Robbie Bachman, who was the drummer for Bachman-Turner Overdrive, passed away at the age of 69.
Randy Bachman, who was also Bachman’s brother and bandmate, confirmed the tragic news on his Twitter account on Thursday. In order to pay honor to his fellow band member, he posted a black-and-white photo of the band along with a heartfelt comment on his social media account.
“Another sad departure. The pounding beat behind BTO, my little brother Robbie has joined Mum, Dad & brother Gary on the other side,” he wrote. “Maybe Jeff Beck needs a drummer! He was an integral cog in our rock ‘n’ roll machine and we rocked the world together.”
Randy did not make the circumstances of Robbie Bachman’s passing public. But his death happened just a few days after the death of rock musician Jeff Beck, who passed away at a hospital close to his home in Surrey, England, from bacterial meningitis.
Publications, colleagues, and fans all showed respect and offered sincere tributes to the drummer through the use of the internet.
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Robbie Bachman’s Cause of Death
Robbie Bachman’s death is still a mystery. No one knows what happened. His brother Randy Bachman confirmed his death on Twitter, and the post he made says;
“Yet another sad goodbye. My little brother Robbie has joined my mom, dad, and older brother Gary on the other side. Jeff Beck might need a drummer. He was an important part of our rock-and-roll band, and together we rocked the world.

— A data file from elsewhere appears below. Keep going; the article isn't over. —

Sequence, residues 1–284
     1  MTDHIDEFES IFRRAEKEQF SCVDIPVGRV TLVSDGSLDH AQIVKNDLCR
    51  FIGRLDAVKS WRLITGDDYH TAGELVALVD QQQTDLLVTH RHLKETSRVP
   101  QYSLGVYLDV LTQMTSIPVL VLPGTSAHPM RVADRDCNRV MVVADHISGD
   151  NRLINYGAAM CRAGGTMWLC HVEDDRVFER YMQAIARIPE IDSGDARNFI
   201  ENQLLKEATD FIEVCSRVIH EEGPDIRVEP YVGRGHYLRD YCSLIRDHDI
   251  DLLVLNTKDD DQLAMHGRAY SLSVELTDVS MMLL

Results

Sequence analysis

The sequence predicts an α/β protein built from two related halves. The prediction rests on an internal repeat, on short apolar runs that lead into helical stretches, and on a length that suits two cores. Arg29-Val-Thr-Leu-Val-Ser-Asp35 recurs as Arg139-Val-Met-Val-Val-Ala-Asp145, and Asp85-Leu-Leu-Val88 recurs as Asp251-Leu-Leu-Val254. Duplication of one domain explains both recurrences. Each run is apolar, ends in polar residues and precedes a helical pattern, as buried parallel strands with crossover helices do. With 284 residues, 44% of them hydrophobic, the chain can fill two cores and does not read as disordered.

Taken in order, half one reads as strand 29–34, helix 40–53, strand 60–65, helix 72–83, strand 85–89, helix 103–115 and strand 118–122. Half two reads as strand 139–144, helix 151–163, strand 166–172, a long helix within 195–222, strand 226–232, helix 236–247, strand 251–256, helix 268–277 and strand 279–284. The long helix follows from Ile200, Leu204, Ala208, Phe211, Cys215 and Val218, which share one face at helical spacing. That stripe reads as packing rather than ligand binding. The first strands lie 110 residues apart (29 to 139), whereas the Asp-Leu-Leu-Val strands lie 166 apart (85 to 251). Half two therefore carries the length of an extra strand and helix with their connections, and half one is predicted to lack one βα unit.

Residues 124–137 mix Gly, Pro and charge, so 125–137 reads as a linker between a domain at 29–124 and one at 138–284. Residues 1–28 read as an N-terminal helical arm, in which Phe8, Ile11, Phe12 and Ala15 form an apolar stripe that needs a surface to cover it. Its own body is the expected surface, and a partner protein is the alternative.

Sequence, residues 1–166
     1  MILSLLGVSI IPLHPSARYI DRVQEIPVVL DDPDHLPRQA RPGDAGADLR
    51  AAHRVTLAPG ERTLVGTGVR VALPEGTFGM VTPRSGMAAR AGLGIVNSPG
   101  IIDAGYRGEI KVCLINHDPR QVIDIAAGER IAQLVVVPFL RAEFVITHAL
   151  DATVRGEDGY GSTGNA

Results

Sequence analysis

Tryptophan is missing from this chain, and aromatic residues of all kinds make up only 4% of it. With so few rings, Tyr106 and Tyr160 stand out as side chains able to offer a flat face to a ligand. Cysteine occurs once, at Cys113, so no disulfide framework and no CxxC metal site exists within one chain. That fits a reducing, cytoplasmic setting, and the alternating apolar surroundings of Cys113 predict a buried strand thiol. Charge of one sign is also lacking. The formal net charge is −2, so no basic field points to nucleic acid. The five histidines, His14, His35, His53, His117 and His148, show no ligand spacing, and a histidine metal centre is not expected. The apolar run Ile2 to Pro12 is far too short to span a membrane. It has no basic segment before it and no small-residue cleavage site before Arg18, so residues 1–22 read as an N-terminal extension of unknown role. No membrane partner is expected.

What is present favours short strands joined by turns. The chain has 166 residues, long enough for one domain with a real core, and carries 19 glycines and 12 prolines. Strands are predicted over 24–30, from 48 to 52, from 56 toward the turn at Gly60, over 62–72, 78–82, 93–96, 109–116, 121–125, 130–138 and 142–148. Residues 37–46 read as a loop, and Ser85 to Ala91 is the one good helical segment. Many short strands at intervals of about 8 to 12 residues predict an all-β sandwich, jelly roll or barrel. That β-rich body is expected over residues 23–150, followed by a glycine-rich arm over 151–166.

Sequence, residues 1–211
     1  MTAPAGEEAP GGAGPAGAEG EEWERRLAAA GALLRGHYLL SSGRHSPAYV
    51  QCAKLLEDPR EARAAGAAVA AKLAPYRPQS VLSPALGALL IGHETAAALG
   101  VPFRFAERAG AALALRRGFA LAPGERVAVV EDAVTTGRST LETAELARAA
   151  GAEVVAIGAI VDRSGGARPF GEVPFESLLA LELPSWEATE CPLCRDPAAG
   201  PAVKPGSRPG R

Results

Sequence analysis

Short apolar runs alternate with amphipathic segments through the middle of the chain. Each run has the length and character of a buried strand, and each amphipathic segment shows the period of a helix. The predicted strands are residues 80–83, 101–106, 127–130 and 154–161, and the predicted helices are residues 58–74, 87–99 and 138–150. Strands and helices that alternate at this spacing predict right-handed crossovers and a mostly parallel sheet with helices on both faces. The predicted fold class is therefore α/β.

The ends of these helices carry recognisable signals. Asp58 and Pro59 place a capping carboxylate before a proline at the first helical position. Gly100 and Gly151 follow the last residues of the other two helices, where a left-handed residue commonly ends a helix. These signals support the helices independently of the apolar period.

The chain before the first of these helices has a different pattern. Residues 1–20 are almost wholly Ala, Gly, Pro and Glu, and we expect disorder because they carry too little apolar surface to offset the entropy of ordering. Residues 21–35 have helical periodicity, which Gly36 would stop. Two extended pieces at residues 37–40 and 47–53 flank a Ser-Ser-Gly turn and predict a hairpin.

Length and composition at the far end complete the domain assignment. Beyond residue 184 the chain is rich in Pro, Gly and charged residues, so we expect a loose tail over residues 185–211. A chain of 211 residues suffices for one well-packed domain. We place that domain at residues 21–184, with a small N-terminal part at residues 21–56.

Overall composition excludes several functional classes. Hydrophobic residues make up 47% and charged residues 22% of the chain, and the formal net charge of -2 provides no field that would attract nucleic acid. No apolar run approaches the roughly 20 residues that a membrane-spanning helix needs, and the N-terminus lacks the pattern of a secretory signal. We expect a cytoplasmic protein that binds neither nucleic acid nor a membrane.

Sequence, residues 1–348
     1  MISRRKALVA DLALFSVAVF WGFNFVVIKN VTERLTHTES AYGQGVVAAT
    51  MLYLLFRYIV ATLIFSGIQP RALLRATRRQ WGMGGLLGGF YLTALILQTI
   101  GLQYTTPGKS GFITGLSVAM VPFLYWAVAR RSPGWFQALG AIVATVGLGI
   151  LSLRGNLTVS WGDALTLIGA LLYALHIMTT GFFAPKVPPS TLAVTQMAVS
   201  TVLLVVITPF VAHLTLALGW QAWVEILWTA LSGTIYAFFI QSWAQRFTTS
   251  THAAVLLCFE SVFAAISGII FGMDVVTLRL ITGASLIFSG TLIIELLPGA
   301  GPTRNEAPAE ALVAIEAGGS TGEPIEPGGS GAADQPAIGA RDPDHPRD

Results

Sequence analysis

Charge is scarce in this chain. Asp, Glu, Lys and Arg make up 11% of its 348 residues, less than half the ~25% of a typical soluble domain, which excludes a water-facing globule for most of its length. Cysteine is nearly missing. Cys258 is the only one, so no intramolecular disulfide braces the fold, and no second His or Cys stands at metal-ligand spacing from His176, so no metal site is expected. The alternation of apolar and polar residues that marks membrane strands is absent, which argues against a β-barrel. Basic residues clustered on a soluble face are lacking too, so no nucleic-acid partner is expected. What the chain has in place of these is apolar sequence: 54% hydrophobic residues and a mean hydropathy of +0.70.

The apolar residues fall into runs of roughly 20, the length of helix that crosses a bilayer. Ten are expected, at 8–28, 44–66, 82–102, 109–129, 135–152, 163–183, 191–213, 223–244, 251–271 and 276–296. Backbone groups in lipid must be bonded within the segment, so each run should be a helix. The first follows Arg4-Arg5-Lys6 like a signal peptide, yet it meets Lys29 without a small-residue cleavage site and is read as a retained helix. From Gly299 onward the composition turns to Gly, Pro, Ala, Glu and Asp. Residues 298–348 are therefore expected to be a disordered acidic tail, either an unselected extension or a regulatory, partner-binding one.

In Memory of Robbie Bachchan
The Bachman brothers used to play music together when they were kids at their home in Winnipeg, Canada. Because of their hobby, they joined forces to form the band Bachman-Turner Overdrive.
Randy gave him the job of drummer in the band Brave Belt in 1971. He worked with Fred Turner, who was the bassist. After a year, Tim Bachman joined them.
Brave Belt put out two albums, but when neither of them did well, their record label dropped them. With the same bandmates but a new name, Bachman-Turner Overdrive, they tried to get their careers back on track.
Its first album, which just had its name on it, came out in 1973. Still, the band didn’t have another big hit right away.
It also came out with “Bachman-Turner Overdrive II” in the same year. “Let It Ride,” their first Top 40 single, and “Takin’ Care of Business,” their second single, brought them to the public’s attention.
From there, Bachman-Turner Overdrive started to make more hits, like “You Ain’t Seen Nothing Yet” and “Roll On Down the Highway.”
In 2014, Bachman gave an interview with the Toronto Star. During the interview, he talked about what made them want to keep playing together.
He said, “We didn’t tell anyone they were wrong, that something was bad, or that they shouldn’t do this.” “It was mostly just music to have fun too. Coming out of the 1970s, when there was the Vietnam War and a lot of political stuff going on (in Canada, with Trudeau and Richard Nixon, etc.), we were pretty much done with all that.”
Still, the band broke up in 1980, but it got back together three years later with Randy as the lead singer. Bachman, on the other hand, didn’t show up because of business and trademark issues.
From 1988 until 2005, when the band broke up, the late drummer came back. After Randy and Turner brought the group back together in 2009, they didn’t get into the Canadian Music Hall of Fame until 2014.
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